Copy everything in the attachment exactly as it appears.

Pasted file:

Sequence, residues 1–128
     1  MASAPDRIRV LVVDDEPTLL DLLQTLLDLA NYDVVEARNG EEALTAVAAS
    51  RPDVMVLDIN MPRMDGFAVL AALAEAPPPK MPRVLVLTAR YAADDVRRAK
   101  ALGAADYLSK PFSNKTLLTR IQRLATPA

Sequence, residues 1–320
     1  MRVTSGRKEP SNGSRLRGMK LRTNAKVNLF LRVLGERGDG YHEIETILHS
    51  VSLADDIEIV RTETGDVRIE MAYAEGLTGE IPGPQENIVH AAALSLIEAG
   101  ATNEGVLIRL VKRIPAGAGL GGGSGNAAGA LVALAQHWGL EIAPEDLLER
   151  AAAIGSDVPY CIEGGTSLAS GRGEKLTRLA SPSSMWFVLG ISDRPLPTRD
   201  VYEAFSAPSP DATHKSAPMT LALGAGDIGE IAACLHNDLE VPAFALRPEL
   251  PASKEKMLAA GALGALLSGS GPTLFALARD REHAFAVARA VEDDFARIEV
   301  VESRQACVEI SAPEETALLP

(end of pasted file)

Sequence, residues 1–128
     1  MASAPDRIRV LVVDDEPTLL DLLQTLLDLA NYDVVEARNG EEALTAVAAS
    51  RPDVMVLDIN MPRMDGFAVL AALAEAPPPK MPRVLVLTAR YAADDVRRAK
   101  ALGAADYLSK PFSNKTLLTR IQRLATPA

Sequence, residues 1–320
     1  MRVTSGRKEP SNGSRLRGMK LRTNAKVNLF LRVLGERGDG YHEIETILHS
    51  VSLADDIEIV RTETGDVRIE MAYAEGLTGE IPGPQENIVH AAALSLIEAG
   101  ATNEGVLIRL VKRIPAGAGL GGGSGNAAGA LVALAQHWGL EIAPEDLLER
   151  AAAIGSDVPY CIEGGTSLAS GRGEKLTRLA SPSSMWFVLG ISDRPLPTRD
   201  VYEAFSAPSP DATHKSAPMT LALGAGDIGE IAACLHNDLE VPAFALRPEL
   251  PASKEKMLAA GALGALLSGS GPTLFALARD REHAFAVARA VEDDFARIEV
   301  VESRQACVEI SAPEETALLP